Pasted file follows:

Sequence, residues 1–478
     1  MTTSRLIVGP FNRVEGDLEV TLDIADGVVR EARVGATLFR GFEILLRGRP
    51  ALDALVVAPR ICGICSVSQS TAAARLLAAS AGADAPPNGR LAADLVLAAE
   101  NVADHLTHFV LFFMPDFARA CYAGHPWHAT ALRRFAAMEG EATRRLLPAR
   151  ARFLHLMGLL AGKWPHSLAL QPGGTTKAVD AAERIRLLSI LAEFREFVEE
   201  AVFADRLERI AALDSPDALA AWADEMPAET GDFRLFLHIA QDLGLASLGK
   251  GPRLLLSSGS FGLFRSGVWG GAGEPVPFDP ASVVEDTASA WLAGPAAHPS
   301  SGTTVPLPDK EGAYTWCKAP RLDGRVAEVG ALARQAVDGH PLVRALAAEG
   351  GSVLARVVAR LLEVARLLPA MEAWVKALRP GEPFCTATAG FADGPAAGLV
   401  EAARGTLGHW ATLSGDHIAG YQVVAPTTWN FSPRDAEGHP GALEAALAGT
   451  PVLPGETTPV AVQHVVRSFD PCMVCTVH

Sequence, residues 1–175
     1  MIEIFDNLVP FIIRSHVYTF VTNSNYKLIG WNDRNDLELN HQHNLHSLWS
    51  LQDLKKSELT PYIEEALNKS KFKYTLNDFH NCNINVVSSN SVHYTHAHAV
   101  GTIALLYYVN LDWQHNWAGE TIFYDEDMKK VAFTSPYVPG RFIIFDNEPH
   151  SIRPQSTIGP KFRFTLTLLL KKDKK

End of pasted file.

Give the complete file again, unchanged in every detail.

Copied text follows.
Sequence, residues 1–478
     1  MTTSRLIVGP FNRVEGDLEV TLDIADGVVR EARVGATLFR GFEILLRGRP
    51  ALDALVVAPR ICGICSVSQS TAAARLLAAS AGADAPPNGR LAADLVLAAE
   101  NVADHLTHFV LFFMPDFARA CYAGHPWHAT ALRRFAAMEG EATRRLLPAR
   151  ARFLHLMGLL AGKWPHSLAL QPGGTTKAVD AAERIRLLSI LAEFREFVEE
   201  AVFADRLERI AALDSPDALA AWADEMPAET GDFRLFLHIA QDLGLASLGK
   251  GPRLLLSSGS FGLFRSGVWG GAGEPVPFDP ASVVEDTASA WLAGPAAHPS
   301  SGTTVPLPDK EGAYTWCKAP RLDGRVAEVG ALARQAVDGH PLVRALAAEG
   351  GSVLARVVAR LLEVARLLPA MEAWVKALRP GEPFCTATAG FADGPAAGLV
   401  EAARGTLGHW ATLSGDHIAG YQVVAPTTWN FSPRDAEGHP GALEAALAGT
   451  PVLPGETTPV AVQHVVRSFD PCMVCTVH

Sequence, residues 1–175
     1  MIEIFDNLVP FIIRSHVYTF VTNSNYKLIG WNDRNDLELN HQHNLHSLWS
    51  LQDLKKSELT PYIEEALNKS KFKYTLNDFH NCNINVVSSN SVHYTHAHAV
   101  GTIALLYYVN LDWQHNWAGE TIFYDEDMKK VAFTSPYVPG RFIIFDNEPH
   151  SIRPQSTIGP KFRFTLTLLL KKDKK